***another from long ago, blah blah........HIGHLY GRAPHIC AND PERSONAL, so don't read it if you don't want to**********
The Set Up
I was 19 at the time, in the August of 1992, and living in my car with my son, Zack, who was nine months old. My parents had kicked me out of the house three months after Zack's birth, due to the insane behavior I was displaying as a symptom of my methamphetamine and alcohol addictions. They told me I should leave Zack with them, and just get the hell out. I wasn't willing to do that for many reasons, but the biggest of them was spite.
I had no job, I had no insurance, I had nobody to turn to for support or assistance of any kind. I drove all night so the baby could sleep, and I fed him bottles made from stolen formula in gas station restrooms.
When I found out that I was pregnant again, I was shocked. I didn't even recall having had sex with anyone, but in talking to my fellow junkies, I learned that indeed I had- in a drug and booze induced blackout- with several partners. No one was able or willing to identify these so-called partners, and I had some idea who one or two of them may have been, but for all practical reasons, I had no idea who the father of this baby was.
I went to a place called "New Life Homes" in hopes of finding someone to talk things over with. I met with Becky, who was really wonderful and informative. She gave me details about all the free services I could take advantage of, including their own adoption program. I told her I may have an abortion, and she did her best to talk me out of it, but all my ears wanted to hear was judgement. To me, she sounded just like my parents, and I wanted nothing to do with that.
I'd grown up in an actively pro life family, and I had seen all of the pictures of aborted babies, and read all the statistics there were to be read. We marched in pro life rallys and demonstrations every weekend. It was a movie called "The Silent Scream," that made the deepest impact on me, though. The movie was an abortion, filmed from inside the mother's body. It showed the baby open his mouth wide, no doubt screaming, and trying to wriggle away from the vacuum.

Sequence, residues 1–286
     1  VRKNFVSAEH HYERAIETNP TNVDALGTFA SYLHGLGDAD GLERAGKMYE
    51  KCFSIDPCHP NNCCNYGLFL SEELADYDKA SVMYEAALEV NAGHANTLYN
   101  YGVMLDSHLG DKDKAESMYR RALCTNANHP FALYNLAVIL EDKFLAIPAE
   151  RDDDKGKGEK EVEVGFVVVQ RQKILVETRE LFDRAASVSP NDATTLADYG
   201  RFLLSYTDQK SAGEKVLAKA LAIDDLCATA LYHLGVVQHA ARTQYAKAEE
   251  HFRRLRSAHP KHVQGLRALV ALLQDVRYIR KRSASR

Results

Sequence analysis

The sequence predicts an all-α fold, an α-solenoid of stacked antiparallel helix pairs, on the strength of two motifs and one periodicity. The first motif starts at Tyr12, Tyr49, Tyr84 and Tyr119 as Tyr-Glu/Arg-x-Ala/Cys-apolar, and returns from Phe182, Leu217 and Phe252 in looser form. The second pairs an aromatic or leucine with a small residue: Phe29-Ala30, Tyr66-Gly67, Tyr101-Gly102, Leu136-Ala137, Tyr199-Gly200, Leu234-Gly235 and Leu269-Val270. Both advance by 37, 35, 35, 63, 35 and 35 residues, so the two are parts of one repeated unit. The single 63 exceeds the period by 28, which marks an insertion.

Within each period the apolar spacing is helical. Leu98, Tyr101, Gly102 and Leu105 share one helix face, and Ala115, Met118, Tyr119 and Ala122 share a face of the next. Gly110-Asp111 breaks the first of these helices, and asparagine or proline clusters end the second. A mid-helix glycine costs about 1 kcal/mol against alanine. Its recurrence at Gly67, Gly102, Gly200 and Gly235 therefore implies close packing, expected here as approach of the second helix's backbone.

With this kind of upbringing, deep down inside of me, I knew having an abortion was the wrong thing to do. For months, I wrestled with my decision, as I was certain that raising another baby in my car was not the right thing to do either, and I was horrified at the reactions of my parents on that inevitible day when I'd have to tell them I was pregnant yet again. I still have no doubt, that if my parents had become involved, they would have brought it to the attention of the courts that I was raising a baby in my car, and was addicted to drugs and alcohol. Once this happened, I surely would have lost Zack to the State, and also would have been forced to relinquish any parental rights to the baby inside of me. I just needed to sort things out, I just needed a little more time to think. Time was in very short supply, however, as this life grew inside of me, but I still didn't know what to do, and so in my confusion, I did nothing at all.
At roughly 14 weeks into my pregnancy, I went to visit my mom. Though we hadn't spoke in months, I felt I might gain something from the experience that would help me arrive at a sound decision. As I walked into the kitchen, she stared at me. The first words out of her mouth were, "Are you pregnant again? Please, Katie...tell me you're not pregnant again." I told her I wasn't, but I'm still not sure she believed me. After our short visit, I was in a constant state of panic. I was already showing. This baby was still growing. I had to end this now before either of my nightmares were realized- raising two babies in my car, or losing them both to the courts.
The first call I made was to Meadowbrook Women's Clinic. I had already been to a regular doctor to confirm my pregnancy, and was told that I was 16 weeks along. When I spoke with the Meadowbrook receptionist, I was scared but also hopeful that they would refuse to perform an abortion this late in the game, but she said, "Don't worry Hun. If you're pregnant, we'll abort it for you." This freaked me out, and I didn't make an appointment with them. My next call was to the Sally Hansen Clinic for Reproductive Health, where I was told the same thing, but the price of the operation was much higher. My third call was to the Robbinsdale Women's Clinic, and because of the hundred dollar price difference, this is where I went to have the abortion done.